## Conic Section Review.pdf - Section 1: Launch and Explore

*Conic Section Review.pdf*

*Conic Section Review.pdf*

# Classifying Conics

Lesson 5 of 10

## Objective: SWBAT classify a conic section by its equation.

*50 minutes*

#### Launch and Explore

*10 min*

One of our main goals today will be to **classify conic sections in general form** (*Ax*^{2} + *Bxy* + *Cy*^{2} +*Dx* + *Ey* + *F* = 0) without graphing or doing any calculations. I want student to notice patterns and see trends. This is also building a foundation for tomorrow when we start looking at conic sections that have been rotated.

I give students this worksheet and have them work on #1-12 with their table group to classify each conic section. I explain that I want them to try to figure each one out without doing any calculations or graphing. As they are working I will **listen to the conjectures** that I am hearing and will write them on the board. Here is a list of a few that I heard in one of my classes.

- #3 is a circle because
*A*and*C*are integers. - #4 is a hyperbola because
*A*or*C*is has a negative coefficient. - #8 is a parabola because there is only one squared term.
- #11 is an ellipse because
*A*and*C*are positive.

#### Resources

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#### Share

*10 min*

I start our discussion by looking at the conjectures (shown below) and seeing what the class thinks of them.

- #3 is a circle because
*A*and*C*are integers. - #4 is a hyperbola because
*A*or*C*is has a negative coefficient. - #8 is a parabola because there is only one squared term.
- #11 is an ellipse because
*A*and*C*are different values.

The interesting part of the conjectures is that many of them will be true, but they **may not be specific enough to be a general rule**. When my students talked about *A* or *C* being negative in a hyperbola, a student asked what would happen if both were negative. I made a simple example (-2x^{2} – 2y^{2 }= 100) and had them think about what would happen.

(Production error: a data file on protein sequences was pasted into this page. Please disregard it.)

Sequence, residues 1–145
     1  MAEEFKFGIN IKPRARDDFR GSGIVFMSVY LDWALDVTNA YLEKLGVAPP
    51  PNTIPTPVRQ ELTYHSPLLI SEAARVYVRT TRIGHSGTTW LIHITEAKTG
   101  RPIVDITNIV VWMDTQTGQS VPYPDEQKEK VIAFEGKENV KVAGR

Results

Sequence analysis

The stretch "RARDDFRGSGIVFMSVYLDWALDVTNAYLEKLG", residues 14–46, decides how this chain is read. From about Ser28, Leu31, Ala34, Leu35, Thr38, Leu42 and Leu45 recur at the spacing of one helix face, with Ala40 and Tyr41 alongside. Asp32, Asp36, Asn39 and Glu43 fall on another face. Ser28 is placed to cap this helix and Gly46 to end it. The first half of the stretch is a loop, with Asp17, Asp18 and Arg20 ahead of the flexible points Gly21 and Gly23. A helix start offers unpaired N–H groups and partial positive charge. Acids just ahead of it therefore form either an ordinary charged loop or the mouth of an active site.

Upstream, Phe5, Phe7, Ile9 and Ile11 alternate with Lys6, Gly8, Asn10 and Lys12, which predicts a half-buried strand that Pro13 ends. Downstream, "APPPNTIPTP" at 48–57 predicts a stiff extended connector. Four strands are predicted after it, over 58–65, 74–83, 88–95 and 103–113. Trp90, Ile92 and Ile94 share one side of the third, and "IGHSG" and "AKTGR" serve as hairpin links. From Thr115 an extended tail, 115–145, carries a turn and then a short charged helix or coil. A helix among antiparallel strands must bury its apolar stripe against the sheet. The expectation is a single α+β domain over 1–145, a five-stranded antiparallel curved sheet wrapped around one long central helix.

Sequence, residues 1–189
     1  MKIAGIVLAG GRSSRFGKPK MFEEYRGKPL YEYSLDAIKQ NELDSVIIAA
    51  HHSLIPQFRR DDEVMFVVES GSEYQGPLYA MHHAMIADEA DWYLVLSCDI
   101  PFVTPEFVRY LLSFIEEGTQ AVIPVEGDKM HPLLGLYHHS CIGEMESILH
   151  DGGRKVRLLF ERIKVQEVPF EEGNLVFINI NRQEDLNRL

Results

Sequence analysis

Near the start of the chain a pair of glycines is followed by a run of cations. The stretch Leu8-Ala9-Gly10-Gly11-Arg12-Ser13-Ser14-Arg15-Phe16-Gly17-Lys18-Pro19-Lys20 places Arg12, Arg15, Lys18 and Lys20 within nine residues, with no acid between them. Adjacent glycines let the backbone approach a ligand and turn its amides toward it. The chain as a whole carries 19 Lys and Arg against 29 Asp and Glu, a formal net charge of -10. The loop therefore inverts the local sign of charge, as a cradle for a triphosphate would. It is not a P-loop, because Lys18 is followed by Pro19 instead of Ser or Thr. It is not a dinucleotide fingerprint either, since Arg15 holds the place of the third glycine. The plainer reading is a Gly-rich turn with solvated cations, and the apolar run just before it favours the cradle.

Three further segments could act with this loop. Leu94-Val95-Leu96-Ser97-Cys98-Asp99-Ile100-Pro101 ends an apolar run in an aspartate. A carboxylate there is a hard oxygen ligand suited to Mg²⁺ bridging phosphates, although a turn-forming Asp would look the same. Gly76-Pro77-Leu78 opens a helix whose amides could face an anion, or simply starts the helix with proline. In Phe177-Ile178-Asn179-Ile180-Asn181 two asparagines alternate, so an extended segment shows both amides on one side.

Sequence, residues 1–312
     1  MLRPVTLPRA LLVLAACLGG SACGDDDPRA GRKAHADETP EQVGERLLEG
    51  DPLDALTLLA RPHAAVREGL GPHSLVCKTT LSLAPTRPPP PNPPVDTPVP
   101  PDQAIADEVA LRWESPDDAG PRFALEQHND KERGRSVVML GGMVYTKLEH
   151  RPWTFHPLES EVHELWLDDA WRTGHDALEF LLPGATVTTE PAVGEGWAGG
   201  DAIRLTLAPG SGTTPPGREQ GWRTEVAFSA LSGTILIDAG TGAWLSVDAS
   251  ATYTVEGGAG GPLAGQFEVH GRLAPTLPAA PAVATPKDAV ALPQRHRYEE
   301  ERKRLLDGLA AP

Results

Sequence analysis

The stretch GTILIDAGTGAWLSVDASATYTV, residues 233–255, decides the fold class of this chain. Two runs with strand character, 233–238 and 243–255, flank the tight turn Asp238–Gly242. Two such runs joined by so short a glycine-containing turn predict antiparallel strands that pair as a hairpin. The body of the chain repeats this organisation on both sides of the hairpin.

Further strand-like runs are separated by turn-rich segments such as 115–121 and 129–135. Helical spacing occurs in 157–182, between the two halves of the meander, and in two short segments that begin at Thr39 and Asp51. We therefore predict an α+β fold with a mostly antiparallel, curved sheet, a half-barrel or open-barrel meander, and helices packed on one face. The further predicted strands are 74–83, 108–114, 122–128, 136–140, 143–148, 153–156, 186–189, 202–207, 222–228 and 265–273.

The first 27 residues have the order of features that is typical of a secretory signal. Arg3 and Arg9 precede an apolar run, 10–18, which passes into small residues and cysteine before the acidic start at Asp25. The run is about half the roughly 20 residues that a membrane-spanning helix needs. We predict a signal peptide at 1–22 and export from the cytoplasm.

After we went through all of the conjectures and came to some definite conclusions, I ask students about the** B value** and what conclusions we can make about that. At this point they notice that

*B*has always been zero so far. To consider what will happen if there is a

*B*value that is not zero, I use the sliders on Desmos to investigate. I discuss this approach in the video below.

#### Resources

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#### Resources

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- UNIT 1: Functioning with Functions
- UNIT 2: Polynomial and Rational Functions
- UNIT 3: Exponential and Logarithmic Functions
- UNIT 4: Trigonometric Functions
- UNIT 5: Trigonometric Relationships
- UNIT 6: Additional Trigonometry Topics
- UNIT 7: Midterm Review and Exam
- UNIT 8: Matrices and Systems
- UNIT 9: Sequences and Series
- UNIT 10: Conic Sections
- UNIT 11: Parametric Equations and Polar Coordinates
- UNIT 12: Math in 3D
- UNIT 13: Limits and Derivatives

- LESSON 1: Conics Sections with Princess the Dog
- LESSON 2: Exploring Ellipses
- LESSON 3: Hashing Out Hyperbolas
- LESSON 4: Pondering Parabolas
- LESSON 5: Classifying Conics
- LESSON 6: Rotated Conic Sections - Day 1 of 2
- LESSON 7: Rotated Conic Sections - Day 2 of 2
- LESSON 8: Unit Review: Conic Sections
- LESSON 9: Review Game: Lingo
- LESSON 10: Unit Assessment: Conic Sections